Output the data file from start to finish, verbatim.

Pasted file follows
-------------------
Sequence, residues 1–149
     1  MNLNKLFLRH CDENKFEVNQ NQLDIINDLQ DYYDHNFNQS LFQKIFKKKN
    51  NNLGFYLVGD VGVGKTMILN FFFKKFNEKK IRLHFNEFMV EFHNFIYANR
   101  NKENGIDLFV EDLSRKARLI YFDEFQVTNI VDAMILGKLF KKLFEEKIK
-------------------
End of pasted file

Sequence, residues 1–149
     1  MNLNKLFLRH CDENKFEVNQ NQLDIINDLQ DYYDHNFNQS LFQKIFKKKN
    51  NNLGFYLVGD VGVGKTMILN FFFKKFNEKK IRLHFNEFMV EFHNFIYANR
   101  NKENGIDLFV EDLSRKARLI YFDEFQVTNI VDAMILGKLF KKLFEEKIK